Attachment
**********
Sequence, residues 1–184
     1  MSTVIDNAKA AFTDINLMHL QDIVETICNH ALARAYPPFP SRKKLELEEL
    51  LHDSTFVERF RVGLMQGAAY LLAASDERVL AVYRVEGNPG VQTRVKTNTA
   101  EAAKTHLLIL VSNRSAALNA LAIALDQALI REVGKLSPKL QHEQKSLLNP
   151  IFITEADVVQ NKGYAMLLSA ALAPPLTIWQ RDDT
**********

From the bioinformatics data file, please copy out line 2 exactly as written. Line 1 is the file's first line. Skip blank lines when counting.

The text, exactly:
     1  MSTVIDNAKA AFTDINLMHL QDIVETICNH ALARAYPPFP SRKKLELEEL